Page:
Tuesday, December 3, 2013

Patagonia...Round 5!

After one of the busiest guiding seasons in the Sierra that I have had, then transitioning into AMGA Exam mode and climbing for the month of October without much break, I packed up all my alpine gear and flew out of LAX to Bariloche, Argentina to guide some courses for the Outward Bound Patagonia program as well as take some personal time to get rad in El Chalten with the weather permitting.
I arrived only a couple days before the students, to prep the course.  The month long trip was the second phase of a larger semester that began in North Carolina and will continue in Florida after this phase.
Expedition style climbing and mountaineering was the name of the game, and we got in many awesome summits and locations working within the constraints of some very fierce Patagonian weather. 

This was the GOOD day at the Frey!
 Our week of rock climbing at the Frey was turned into a 4 hour top roping session near the hut on the last day we had after days of sleet and snow, though Craig and I managed to get in a quick lap on Sifuentes-Weber in 40 minutes while the students packed up!
Looking up at Tronador, the objective during the second phase of the trip

First we gotta get there though!  Plastics ain´t fun!

Too bad the scenery is so drab...

No Man´s Land, Chile-Argentine Border
 After resupplying in Pamapa Linda we headed up with heavy packs to climb Cerro Volcanico and traverse along a cornice filled ridge down to Maillin Chileno for another resupply before going back up to attempt a traverse on Monte Trondador.
Approaching Refugio Viejo on the flanks of Tronador

Teaching a lesson on self arrest and crampon techniques

 As soon as we got to the glaciar camp on Tronador however, and had covered all the requisite skills for the traverse across the glaciar to Refugio Meiling, the weather closed in and we waited out 3 days of nasty whiteout conditions with intense winds.  We ended up having to take a couple of the tents down and move into a snow cave to keep our tents from being shredded by the wind!  In the end we had to navigate down off the glaciar by GPS with 30 ft. visibility but the students had a very powerful experience regardless.

For the last several days of the trip, we let the students take more control over the navigation and management and let them plan and manage some summit climbs of Mar del Piedra, Mirador del Doctor, and Cerro Capitan.  By far the highlight of this section, and probably the whole trip (at least for me) was approaching Mirador del Doctor, which is an overlook which juts out above the fjord-like Lago Frey, and seeing a juvenile condor hanging out.  She let us watch her for a few minutes and then flew off, letting us take over the summit block while she came back and spent 20 minutes circling us as close as I have ever seen them.  There was a palpable magic in the air as we all sat there silently letting her circle us curiously, hearing the wind whip through the feathers on the tips of her wings.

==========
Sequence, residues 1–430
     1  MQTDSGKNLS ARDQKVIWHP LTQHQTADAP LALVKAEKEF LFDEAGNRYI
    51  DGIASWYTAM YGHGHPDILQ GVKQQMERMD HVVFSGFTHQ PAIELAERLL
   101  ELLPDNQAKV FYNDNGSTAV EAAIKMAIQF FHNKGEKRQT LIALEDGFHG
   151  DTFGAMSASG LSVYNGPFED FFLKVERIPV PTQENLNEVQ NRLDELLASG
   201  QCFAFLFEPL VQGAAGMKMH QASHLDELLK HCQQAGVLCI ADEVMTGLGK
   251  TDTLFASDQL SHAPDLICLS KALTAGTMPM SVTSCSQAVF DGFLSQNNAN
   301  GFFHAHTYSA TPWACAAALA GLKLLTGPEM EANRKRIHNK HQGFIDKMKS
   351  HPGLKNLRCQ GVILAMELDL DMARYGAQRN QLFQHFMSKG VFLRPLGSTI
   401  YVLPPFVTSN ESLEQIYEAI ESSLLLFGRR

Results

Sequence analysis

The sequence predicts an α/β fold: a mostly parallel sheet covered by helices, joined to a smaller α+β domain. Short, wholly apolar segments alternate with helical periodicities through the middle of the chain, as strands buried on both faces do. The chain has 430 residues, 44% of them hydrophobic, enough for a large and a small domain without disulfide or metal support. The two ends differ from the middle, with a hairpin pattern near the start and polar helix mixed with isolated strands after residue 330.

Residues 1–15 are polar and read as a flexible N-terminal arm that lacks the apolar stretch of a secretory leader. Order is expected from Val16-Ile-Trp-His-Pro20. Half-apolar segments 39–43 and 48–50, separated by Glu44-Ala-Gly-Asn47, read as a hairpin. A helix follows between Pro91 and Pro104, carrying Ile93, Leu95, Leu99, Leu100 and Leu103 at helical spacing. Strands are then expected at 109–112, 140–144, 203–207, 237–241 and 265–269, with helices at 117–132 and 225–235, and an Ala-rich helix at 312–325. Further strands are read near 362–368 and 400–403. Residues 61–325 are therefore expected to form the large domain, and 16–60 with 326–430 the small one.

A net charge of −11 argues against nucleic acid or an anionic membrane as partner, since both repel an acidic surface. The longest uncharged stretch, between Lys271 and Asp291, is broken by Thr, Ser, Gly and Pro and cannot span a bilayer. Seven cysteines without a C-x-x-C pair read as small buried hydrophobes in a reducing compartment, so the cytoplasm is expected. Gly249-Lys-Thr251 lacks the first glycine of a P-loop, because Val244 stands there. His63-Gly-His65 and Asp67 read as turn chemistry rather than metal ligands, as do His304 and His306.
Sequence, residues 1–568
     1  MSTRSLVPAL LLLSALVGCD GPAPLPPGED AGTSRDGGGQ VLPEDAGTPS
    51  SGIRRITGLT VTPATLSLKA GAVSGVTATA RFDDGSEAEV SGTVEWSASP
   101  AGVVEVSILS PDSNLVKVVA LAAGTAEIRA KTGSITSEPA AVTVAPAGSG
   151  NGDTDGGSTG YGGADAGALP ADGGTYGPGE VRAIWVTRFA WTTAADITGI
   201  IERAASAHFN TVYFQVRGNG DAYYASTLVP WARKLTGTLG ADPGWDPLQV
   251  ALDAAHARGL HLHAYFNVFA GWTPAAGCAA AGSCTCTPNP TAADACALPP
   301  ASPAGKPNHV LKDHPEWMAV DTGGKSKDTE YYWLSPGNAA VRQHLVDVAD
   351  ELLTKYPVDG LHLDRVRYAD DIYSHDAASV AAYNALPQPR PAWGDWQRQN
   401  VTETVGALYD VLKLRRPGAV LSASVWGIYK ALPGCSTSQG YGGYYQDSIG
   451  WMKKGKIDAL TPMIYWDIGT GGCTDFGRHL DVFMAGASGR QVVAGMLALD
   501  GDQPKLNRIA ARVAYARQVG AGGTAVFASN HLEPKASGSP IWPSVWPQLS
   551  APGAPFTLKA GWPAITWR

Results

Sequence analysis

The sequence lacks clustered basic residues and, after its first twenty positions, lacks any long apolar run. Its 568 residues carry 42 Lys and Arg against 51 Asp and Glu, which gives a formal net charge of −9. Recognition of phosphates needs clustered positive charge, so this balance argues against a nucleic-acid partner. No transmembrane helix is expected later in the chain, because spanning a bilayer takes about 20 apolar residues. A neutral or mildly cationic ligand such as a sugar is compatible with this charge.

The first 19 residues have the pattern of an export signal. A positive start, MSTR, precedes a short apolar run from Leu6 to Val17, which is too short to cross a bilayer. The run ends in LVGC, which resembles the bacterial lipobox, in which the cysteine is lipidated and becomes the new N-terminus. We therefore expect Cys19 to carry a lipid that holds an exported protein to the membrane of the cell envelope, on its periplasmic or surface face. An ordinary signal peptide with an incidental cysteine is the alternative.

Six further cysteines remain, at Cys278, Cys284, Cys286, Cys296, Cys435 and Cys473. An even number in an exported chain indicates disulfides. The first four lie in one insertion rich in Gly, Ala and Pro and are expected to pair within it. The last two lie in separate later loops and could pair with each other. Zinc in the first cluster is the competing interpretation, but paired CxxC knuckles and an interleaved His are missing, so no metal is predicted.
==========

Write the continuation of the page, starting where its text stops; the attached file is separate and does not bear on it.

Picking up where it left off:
Tronador on the left, Mar del Piedra on the right

The mirador down below.

2 year old condor.  They live on average to 50 years. 

Holes made by the wind moving water in a circular motion for thousands of years.

Up close and personal.

Summit of Cerro Capitan, 30th Birthday

Wanda presents some delicious Dulce de Leche covered birthday cake!
 On November 27th, our group had a double birthday party- my 30th and one of the student´s 20th.  We made it memorable by summiting Capitan, then glissading down to a bivy next to a waterfall below Laguna Creton.  The pool was ice cold but we all got in and bivied under the stars for our last night out.
Crossing Laguna Creton on our way out of the mountains on our last day.
After descending from Creton and Laguna Azul we reached our pick-up and made it back to Bariloche for an incredible asado before the students left the country to continue their semester in Florida.  Now with a few days of rest and relaxation I make my way down to Chalten tomorrow to meet up with my friend Wagner for some alpine antics!  Keep checking back in for updates from the South as they come in...

1 comment:

VividReality said...

Dulce de Leche on mountaineering trips = living good!
Hope the weather gives you a chance to do something fun on your own time. Expect to see more rad photos!